Milwaukee Archdiocese lawyers dispute conflict claim leveled at judge

(Journal Sentinel) Lawyers for the Archdiocese of Milwaukee’s $50 million-plus cemetery trust say efforts to force a federal judge to set aside his recent decision in favor of the church and recuse himself from the case border on frivolous and amount to judge shopping, according to a new brief filed in the lawsuit.

The brief, filed this week by attorneys for Milwaukee Archbishop Jerome Listecki, the trust’s sole trustee, says U.S. District Judge Rudolph T. Randa has no financial interest in the cemeteries — contrary to claims by the archdiocese’s bankruptcy creditors — and the issue is moot because the case is already headed to the 7th Circuit U.S. Court of Appeals.

“The pending motions targeting Judge Randa are a thinly disguised attempt to shop for a new district court judge who will agree with the (creditors) committee on the merits,” attorneys Jennifer Vandermeuse and Brady Williamson argued in the brief.

“The Court of Appeals will ultimately decide for itself whether the committee has any… right to pursue the trust funds,” they said.

Attorney Marci Hamilton, who represents the creditors committee, said Randa has “emotional, religious and financial interests in the cemetery litigation.”

“We’re not at all persuaded by what they have filed,” she said.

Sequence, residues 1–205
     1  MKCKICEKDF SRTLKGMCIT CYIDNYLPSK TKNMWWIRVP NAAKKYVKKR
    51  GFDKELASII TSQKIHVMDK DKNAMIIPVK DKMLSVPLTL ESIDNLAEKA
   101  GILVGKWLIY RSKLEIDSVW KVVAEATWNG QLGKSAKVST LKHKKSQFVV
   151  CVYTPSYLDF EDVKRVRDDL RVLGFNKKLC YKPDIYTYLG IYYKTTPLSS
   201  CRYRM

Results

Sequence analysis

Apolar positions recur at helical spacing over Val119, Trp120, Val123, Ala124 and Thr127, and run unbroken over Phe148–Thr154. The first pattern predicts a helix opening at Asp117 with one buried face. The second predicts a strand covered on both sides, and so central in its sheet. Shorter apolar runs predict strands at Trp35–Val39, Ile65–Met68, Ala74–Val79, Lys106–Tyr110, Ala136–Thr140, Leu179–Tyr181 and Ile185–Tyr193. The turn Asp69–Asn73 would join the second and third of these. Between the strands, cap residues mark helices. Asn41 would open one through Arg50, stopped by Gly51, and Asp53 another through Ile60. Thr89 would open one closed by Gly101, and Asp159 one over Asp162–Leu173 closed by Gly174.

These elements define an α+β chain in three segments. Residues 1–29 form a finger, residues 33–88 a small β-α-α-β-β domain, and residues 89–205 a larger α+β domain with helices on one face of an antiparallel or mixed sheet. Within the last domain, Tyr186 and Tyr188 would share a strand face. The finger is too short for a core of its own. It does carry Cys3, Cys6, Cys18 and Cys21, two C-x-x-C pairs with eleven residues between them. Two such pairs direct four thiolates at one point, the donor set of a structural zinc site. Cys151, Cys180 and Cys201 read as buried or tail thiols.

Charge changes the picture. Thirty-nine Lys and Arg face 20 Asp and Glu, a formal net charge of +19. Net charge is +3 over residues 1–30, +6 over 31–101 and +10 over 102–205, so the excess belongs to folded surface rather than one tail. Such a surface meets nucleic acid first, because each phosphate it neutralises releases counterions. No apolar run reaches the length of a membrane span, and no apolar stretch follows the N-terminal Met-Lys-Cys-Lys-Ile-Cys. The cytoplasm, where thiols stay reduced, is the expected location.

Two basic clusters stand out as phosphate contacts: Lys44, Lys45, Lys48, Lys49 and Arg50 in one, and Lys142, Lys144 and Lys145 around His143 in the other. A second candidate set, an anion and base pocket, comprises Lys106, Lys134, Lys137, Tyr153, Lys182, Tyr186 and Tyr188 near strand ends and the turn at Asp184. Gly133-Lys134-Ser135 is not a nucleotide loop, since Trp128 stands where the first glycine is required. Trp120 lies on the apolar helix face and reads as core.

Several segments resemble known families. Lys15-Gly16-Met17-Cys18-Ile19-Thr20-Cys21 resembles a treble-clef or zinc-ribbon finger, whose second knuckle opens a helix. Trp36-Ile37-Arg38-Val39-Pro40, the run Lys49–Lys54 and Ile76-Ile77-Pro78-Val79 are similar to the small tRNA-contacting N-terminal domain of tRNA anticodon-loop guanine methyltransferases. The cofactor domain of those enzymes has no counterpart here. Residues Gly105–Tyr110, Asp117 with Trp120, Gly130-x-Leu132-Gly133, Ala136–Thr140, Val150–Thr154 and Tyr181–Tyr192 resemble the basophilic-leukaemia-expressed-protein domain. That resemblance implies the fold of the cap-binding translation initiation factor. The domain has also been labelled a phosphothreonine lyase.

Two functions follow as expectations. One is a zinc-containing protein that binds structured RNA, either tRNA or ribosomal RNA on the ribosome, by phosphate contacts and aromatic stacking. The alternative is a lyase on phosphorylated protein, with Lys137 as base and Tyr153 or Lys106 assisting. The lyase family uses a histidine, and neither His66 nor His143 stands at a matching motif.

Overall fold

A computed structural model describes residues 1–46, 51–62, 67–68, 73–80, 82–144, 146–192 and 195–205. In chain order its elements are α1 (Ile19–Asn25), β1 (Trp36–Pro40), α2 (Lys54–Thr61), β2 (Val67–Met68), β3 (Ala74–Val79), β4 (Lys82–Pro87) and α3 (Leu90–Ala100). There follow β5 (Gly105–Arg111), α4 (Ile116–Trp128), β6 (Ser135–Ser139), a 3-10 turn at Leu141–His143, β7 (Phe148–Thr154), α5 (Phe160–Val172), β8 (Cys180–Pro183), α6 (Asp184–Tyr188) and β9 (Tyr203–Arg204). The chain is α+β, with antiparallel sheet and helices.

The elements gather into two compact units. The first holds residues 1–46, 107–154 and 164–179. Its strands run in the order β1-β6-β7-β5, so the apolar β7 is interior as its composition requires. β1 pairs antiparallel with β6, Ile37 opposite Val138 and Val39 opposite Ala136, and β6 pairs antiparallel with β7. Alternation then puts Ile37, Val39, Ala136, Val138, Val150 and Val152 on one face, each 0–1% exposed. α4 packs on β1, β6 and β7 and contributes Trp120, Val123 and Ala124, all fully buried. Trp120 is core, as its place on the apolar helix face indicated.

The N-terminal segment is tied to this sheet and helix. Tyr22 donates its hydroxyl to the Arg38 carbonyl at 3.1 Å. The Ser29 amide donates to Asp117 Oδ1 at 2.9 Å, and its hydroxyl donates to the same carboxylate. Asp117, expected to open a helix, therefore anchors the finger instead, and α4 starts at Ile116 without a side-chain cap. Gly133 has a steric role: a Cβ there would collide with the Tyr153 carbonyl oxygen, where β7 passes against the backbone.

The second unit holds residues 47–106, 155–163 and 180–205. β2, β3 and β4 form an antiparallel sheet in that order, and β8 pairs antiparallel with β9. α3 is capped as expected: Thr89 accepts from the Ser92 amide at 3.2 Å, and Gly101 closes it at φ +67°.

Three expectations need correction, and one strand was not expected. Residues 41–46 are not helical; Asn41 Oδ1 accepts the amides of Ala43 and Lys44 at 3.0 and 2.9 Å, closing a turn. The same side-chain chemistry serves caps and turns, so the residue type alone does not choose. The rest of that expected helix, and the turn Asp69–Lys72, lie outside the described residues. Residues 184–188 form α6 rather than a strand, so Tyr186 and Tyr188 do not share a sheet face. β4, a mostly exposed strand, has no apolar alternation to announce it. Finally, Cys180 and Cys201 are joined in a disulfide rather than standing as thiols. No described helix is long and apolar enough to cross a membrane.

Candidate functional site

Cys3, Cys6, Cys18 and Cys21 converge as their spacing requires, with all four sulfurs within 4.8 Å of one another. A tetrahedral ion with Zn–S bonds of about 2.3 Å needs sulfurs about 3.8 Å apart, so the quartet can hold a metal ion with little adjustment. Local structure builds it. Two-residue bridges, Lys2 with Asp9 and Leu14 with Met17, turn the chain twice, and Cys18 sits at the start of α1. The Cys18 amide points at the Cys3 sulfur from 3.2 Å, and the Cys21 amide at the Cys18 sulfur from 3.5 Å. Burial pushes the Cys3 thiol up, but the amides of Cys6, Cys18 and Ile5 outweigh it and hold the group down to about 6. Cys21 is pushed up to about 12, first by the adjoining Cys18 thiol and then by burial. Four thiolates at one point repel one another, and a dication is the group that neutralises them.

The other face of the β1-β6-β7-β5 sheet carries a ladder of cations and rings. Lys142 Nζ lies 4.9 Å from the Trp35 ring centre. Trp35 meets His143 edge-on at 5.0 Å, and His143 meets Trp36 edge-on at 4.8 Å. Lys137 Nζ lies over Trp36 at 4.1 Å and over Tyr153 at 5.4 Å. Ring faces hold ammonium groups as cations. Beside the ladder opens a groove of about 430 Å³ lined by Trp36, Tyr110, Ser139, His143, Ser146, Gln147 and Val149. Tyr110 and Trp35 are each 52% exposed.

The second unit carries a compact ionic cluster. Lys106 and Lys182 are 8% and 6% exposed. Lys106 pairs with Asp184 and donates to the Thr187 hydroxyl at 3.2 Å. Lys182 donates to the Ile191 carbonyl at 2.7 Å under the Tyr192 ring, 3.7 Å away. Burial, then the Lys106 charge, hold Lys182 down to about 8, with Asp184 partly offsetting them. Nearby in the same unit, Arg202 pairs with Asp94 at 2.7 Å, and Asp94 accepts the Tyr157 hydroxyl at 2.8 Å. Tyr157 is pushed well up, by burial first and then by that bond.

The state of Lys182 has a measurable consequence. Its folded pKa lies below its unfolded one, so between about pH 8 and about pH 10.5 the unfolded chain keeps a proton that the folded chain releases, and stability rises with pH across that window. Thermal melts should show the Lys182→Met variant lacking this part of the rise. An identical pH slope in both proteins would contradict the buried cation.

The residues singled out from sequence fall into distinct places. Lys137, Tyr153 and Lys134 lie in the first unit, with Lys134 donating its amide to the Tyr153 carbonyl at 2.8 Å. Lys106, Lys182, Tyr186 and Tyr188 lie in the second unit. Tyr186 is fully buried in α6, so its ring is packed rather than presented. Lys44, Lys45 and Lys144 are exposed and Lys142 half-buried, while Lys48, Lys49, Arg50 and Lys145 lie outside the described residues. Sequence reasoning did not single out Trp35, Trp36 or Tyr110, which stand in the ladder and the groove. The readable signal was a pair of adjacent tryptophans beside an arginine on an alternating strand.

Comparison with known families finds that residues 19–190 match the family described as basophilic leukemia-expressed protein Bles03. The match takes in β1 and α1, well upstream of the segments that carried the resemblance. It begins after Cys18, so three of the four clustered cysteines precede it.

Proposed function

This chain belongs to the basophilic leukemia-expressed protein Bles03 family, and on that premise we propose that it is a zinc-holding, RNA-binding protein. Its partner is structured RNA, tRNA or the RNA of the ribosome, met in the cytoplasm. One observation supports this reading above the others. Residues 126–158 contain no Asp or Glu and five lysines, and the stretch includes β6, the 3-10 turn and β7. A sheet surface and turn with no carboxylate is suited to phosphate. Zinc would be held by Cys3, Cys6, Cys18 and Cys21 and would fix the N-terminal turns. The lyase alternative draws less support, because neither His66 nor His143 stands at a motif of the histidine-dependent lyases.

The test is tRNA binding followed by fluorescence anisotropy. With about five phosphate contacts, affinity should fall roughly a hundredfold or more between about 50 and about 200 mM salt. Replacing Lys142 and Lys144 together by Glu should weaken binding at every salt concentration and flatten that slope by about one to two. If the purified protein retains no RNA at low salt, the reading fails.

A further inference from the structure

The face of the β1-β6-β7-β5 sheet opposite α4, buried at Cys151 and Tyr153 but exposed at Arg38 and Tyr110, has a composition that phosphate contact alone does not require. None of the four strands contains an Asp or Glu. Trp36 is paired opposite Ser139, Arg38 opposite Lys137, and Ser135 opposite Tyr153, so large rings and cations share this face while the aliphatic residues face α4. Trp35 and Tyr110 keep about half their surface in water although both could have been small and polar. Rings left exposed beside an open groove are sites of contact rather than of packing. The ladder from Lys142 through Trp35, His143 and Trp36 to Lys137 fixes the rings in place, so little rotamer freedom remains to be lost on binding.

Randa’s decision came in a side lawsuit in the bankruptcy, filed by Listecki to keep its creditors — primarily sex abuse victims — from getting any of the funds that had been set aside for the perpetual care of gravesites in the 10-county archdiocese.

Then-Archbishop Timothy Dolan created the trust in 2007 with permission from the Vatican, and moved the money — which the church insists had always been segregated for cemeteries — into the account the following year.

Creditors argued that Randa had a financial interest in the case because he has numerous relatives buried in the archdiocese’s cemeteries and purchased his parents’ crypts there. They argued that Randa is essentially a creditor in the bankruptcy because Listecki filed a bankruptcy claim on behalf of all who own cemetery plots.

Listecki’s attorneys argue that Randa’s purchase of his parents’ crypts 38 years ago does not meet the legal standard for financial interest, and that the creditors’ motions would impose a religious test on the judiciary.

“The motions, taken to their logical conclusions, impermissibly impose a religious test on this judge — and the next and the next,” they said.